the wider number of routable IP’s is a security issue in its own rite, anything on the net able to connect to anything on your lan. devices having multiple ipv6 addresses by default, internal and public ip’s as a minimum. Only 1 internal system needs be compromised to enable a miscreant to discover all your internal hosts and directly connect to them from afar. An IOT device that’s on your LAN needs just to do an arp -a and secrete that info to the cloud and your done as all your hosts are potentially directly accessible from the net.

    • PaulM

      “Other than “being prepared” I’d be interested to know what use case actually requires IPv6 at the moment…”

      None really but its a good opportunity for some to moan.

    • Andy D

      Use case is as a Business we have found it painfully difficult to get any sort of meaningful block of IPv4 addresses despite making good cases for (Even with making plentiful use of NAT). Quicker everyone can connect via IPv6 the easier this will become rather than also having to allow for connectivity via IPv4. Another thought is performance is likely to be better using raw IPv6 over IPv4 behind NATTED routers your ISP may even NAT (or transparent proxy), as any loadbalancer can work better when it doesn’t see all communication from one Source IP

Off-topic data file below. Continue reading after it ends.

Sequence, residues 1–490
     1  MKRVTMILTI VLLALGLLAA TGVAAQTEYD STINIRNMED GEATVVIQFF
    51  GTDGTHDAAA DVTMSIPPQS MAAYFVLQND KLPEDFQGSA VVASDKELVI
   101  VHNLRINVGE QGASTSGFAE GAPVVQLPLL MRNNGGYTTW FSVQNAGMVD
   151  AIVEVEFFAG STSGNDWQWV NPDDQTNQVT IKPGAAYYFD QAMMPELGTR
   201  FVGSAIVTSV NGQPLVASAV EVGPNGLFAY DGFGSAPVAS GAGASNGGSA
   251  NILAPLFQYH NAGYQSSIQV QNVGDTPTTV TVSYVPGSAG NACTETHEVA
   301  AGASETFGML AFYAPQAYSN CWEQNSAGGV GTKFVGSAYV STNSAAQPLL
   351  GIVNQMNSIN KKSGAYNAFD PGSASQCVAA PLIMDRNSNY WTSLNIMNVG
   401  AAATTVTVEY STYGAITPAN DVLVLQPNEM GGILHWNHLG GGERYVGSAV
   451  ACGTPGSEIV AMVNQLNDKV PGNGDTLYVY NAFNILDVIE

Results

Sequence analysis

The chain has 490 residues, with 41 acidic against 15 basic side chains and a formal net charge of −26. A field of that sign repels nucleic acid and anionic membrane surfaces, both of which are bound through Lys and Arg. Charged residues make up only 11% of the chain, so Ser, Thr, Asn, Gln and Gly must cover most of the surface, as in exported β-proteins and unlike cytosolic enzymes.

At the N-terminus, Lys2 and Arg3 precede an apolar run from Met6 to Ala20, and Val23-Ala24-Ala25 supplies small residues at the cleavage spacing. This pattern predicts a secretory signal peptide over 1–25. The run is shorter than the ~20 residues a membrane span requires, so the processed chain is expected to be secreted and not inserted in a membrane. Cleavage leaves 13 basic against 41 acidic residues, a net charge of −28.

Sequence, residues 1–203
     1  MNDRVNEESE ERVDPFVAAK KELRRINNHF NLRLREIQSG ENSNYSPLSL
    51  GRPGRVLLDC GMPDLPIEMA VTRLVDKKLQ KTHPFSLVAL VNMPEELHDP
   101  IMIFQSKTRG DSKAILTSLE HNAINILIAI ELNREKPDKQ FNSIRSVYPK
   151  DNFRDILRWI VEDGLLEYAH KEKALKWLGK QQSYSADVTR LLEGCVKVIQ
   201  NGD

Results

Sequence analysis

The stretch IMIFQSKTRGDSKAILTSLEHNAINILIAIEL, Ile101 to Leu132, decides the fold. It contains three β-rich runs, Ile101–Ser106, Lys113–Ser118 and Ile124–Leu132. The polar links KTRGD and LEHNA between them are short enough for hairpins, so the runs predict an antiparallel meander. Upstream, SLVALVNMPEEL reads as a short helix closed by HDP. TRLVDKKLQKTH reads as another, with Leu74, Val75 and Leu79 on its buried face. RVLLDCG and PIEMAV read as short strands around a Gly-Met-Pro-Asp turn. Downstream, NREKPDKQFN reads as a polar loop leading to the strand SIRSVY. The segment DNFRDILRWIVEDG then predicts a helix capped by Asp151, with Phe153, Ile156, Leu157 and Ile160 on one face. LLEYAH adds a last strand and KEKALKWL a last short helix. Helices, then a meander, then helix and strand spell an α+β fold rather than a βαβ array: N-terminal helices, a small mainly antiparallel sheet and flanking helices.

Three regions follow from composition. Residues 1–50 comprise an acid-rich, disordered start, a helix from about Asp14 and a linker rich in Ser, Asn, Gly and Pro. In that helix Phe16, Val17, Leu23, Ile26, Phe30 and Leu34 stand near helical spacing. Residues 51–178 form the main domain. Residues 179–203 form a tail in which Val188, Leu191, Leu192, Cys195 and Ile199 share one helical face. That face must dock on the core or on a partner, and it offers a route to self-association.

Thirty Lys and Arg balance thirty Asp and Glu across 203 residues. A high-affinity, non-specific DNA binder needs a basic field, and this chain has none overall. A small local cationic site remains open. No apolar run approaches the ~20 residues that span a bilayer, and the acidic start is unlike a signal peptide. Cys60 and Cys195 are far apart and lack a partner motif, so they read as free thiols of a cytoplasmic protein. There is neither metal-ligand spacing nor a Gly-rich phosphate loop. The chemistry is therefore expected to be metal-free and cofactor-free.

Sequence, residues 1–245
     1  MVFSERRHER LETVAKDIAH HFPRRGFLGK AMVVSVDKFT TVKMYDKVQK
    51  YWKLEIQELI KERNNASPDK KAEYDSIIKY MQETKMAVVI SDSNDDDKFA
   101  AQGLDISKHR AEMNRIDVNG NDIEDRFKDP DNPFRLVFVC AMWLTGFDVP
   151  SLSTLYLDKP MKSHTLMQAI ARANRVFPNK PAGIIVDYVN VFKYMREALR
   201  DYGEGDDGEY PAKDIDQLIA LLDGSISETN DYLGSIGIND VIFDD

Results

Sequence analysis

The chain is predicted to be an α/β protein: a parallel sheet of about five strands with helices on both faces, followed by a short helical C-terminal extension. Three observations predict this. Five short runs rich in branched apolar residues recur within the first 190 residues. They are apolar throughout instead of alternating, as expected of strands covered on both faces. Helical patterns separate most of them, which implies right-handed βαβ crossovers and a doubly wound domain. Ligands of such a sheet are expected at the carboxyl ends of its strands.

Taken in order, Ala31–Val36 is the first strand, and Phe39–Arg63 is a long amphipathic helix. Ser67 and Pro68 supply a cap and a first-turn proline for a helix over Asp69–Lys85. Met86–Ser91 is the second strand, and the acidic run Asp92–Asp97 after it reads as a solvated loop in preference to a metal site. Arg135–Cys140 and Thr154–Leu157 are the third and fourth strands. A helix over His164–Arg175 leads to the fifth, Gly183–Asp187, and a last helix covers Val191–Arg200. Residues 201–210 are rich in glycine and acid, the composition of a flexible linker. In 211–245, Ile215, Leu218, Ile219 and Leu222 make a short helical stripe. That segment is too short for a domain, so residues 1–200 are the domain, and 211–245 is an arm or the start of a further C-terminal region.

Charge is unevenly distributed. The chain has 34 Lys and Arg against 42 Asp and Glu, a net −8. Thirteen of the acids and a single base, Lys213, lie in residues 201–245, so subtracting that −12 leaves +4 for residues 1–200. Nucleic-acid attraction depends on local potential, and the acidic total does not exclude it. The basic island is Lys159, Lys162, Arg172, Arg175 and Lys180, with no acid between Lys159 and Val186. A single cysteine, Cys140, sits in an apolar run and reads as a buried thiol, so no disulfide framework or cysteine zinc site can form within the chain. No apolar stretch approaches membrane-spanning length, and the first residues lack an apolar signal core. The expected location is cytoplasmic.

Implementing IPv6 I see as little more difficult certainly at home if not more so with SLAC and ND taking the pain away of explaining Subnet Masks and Gateways etc. Many people may already have Dual Stack enabled on both their PC’s and Printers and could be happily printing away without even reliasing they are using IPv6 and a Link-Local Address

      If your an XBox user using Voice chat you will certainly be using an IPv6 tunnel over IPv4 already as it dosn’t support IPv4 so things can only be better for you using native IPv6 as you can better secure your connection and lock out tunnels you don’t know where they go

  5. Dragon

    @Chris P You’d firewall IPv6 much the same way you would IPv4 just because an IP is routable doesn’t mean you need to permit traffic to it.